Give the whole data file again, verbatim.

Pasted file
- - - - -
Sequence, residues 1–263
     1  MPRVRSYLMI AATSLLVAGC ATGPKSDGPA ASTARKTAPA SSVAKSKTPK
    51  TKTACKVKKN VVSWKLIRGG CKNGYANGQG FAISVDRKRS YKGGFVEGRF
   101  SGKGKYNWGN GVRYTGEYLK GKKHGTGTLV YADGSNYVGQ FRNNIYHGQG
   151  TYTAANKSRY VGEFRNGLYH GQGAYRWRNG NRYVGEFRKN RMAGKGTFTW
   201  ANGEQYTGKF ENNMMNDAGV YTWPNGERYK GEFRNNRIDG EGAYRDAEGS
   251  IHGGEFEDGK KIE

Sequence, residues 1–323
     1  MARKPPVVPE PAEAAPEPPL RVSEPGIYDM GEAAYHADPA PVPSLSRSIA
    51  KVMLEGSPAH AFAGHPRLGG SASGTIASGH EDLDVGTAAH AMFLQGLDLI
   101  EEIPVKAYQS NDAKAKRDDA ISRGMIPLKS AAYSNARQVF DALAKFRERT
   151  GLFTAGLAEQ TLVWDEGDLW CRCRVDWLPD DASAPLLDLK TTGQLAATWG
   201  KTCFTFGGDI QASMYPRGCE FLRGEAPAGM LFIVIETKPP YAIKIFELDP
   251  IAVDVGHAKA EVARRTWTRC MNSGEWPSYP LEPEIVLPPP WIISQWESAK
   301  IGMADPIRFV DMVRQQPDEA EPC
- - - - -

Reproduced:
Sequence, residues 1–263
     1  MPRVRSYLMI AATSLLVAGC ATGPKSDGPA ASTARKTAPA SSVAKSKTPK
    51  TKTACKVKKN VVSWKLIRGG CKNGYANGQG FAISVDRKRS YKGGFVEGRF
   101  SGKGKYNWGN GVRYTGEYLK GKKHGTGTLV YADGSNYVGQ FRNNIYHGQG
   151  TYTAANKSRY VGEFRNGLYH GQGAYRWRNG NRYVGEFRKN RMAGKGTFTW
   201  ANGEQYTGKF ENNMMNDAGV YTWPNGERYK GEFRNNRIDG EGAYRDAEGS
   251  IHGGEFEDGK KIE

Sequence, residues 1–323
     1  MARKPPVVPE PAEAAPEPPL RVSEPGIYDM GEAAYHADPA PVPSLSRSIA
    51  KVMLEGSPAH AFAGHPRLGG SASGTIASGH EDLDVGTAAH AMFLQGLDLI
   101  EEIPVKAYQS NDAKAKRDDA ISRGMIPLKS AAYSNARQVF DALAKFRERT
   151  GLFTAGLAEQ TLVWDEGDLW CRCRVDWLPD DASAPLLDLK TTGQLAATWG
   201  KTCFTFGGDI QASMYPRGCE FLRGEAPAGM LFIVIETKPP YAIKIFELDP
   251  IAVDVGHAKA EVARRTWTRC MNSGEWPSYP LEPEIVLPPP WIISQWESAK
   301  IGMADPIRFV DMVRQQPDEA EPC